Saturday, August 13, 2016

Nihola updates

Change comes slowly in the Nihola world, and the mother company often says nothing about the changes it does make, so its my solemn duty to comment on it when I happen to notice from my remote perch.  When I spotted an unusual example while on a Nihola-spotting vacation on Ærø, I ran right over to take a picture.


So, this is by the look of things a pretty newly manufactured specimen and has some features I've never seen before:
  • Mechanism to prevent axle movement, which is often a problem in my experience
  • Huge massive roller brake, apparently from the factory but I can't really know that, possibly the optimal choice for rear brake in relatively flat areas
  • A different version of Nexus 8 (SG-C6000-8R), which might be a simple re-skin of the existing SG-8R31 but anyway is a hub I haven't seen standing around before
A few more things of note:
  • The new crank-mounted electric motor
  • The very-low stepthrough frame (difficult to see above)
  • Apparent contact between the shift cable and the chain... appears that they used 7L-7R gray-black anti-rotation washers while I used 5L-5R brown-yellow on mine, which I actually got from the Nihola store in Copenhagen... also looks they switched left for right in order to make it sort of work
They used a regular brake lever for the roller brake, which is a bit of a missed opportunity I think, because a roller brake should have the right cable pull for the locking brake lever.

Also I think that its not too much to ask that the versions of Nexus 8 that come with superior bearings be used, for example the SG-C6010-8R.  Its a lot of hardware being pushed around by a pretty modest hub as sold.

9 comments:

  1. For those of us stuck in the stone ages of earlier models, have you ever come up with a workaround for the rear wheel sliding forward?

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    1. I think those are standard parts in some markets, I tried to buy some when I was in Amsterdam but they were small and I actually forgot them on the counter of the shop. :) If you can find out where to buy them, they should install onto any Nihola... probably.

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    2. Surly makes a chain tensioner for front facing horizontal dropouts called the "hurdy gurdy". The nihola's dropouts look stamped rather than cast so they may not play as nicely with the tensioner, but I'm going to check it out. Will let you know if I gain any insights.

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    3. Yeah Surly might be a good bet because they will be intended for a steel frame, perhaps a thinner dropout, more similar to Nihola I imagine. Its interesting that Danish bike culture (or retail culture) basically excludes this component.

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  3. Ray, thanks so much for this tremendously useful blog! We're about to buy our first Nihola and hope to have lots of on- and off-road adventures with kids + dog in a quite hilly part of Denmark. So you're a great inspiration.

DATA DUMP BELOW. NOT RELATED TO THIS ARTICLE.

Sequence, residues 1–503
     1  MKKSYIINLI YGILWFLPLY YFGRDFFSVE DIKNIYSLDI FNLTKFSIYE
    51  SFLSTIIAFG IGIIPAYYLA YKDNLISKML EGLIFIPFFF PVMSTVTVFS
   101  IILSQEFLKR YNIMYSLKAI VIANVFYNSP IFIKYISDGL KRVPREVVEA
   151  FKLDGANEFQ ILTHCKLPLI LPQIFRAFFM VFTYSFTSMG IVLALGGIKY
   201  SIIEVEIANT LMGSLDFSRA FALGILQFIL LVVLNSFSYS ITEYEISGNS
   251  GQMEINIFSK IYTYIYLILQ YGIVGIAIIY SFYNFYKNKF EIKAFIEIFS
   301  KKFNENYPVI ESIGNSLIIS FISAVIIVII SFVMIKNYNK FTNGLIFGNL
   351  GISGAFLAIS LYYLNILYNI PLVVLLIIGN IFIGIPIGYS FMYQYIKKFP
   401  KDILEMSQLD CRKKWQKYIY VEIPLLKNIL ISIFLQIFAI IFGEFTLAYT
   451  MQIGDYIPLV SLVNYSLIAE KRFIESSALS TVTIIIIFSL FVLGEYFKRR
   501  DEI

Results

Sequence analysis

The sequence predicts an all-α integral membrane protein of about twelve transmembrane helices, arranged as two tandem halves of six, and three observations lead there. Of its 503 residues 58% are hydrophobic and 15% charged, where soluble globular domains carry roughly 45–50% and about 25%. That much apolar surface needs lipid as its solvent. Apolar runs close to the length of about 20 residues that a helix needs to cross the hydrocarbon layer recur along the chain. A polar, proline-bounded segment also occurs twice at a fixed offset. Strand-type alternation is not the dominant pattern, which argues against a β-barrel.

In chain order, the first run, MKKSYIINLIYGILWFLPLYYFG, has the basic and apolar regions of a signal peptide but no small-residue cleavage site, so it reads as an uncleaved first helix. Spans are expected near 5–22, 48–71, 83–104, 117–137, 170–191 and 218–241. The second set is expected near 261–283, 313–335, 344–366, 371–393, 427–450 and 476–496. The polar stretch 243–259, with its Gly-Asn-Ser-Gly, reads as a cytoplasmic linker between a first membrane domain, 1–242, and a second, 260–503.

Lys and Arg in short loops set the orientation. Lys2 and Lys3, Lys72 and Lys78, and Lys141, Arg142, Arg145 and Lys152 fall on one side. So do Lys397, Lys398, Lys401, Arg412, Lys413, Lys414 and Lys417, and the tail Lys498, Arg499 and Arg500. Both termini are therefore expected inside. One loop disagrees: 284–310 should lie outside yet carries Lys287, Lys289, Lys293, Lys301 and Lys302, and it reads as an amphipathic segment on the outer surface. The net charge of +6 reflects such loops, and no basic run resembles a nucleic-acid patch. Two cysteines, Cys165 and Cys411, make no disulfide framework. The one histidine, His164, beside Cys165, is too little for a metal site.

Any advice for bike configuration? We're getting the electrical assist, would you still recommend a custom 22-24 tooth rear sprocket? And I've seen you recommend both the coaster/foot brake as the safest option, but also the free-wheel for better maneuverability. Which should we go with? Any tips would be much appreciated!

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    1. At one point they were saying the el-motor was not available with the footbrake, so maybe the choice is made for you. Being able to roll the pedals back is handy if you're stuck, though the footbrake is great for escorting kids with one hand. Gearing with the el-motor should probably not be so low as with leg power alone, but I might choose 22 teeth. Maybe even their standard sprocket is fine, but then you wouldn't get any use out of the top gears (over 25 km/hr).

      The motor is under the crank (last I checked) so that will slightly limit how insane you can be. The battery over the rear tire will give traction but probably also effect balance if you have no weight in the box.

      I'm happy to hear that you liked the blog, and I wish you luck!

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  4. Thanks for the tips! They switched motor model recently, so it is now mounted in the rear axle. And only comes with derailleur gears (7 gears), so no foot brake.

    I don't know if you've ever tried one with el-motor, but would you have a gut preference for a 8-internal-gears "manual drive" or a 7-external-gears electrical assist?

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    1. Hmm, well I would do 8 speeds with foot brake again if I had a re-do chance, even though I'm not totally satisfied with Nexus 8. I think electric costs too much up front, and will just another thing to break as it ages. It makes it harder to escort small children on their own bikes. It steals simplicity from the experience of riding. At the same time, electric doesn't appear to solve a problem that I had. So my choice on the subject is clear, but I could see that others might benefit. I have several times heard men cite wives as the reason to go electric, certainly a lighter person will be effected more quickly by a heavier bike. Electric would also boost the range that a casual rider could manage, maybe replace a car. I guess thats about all I can add to that.

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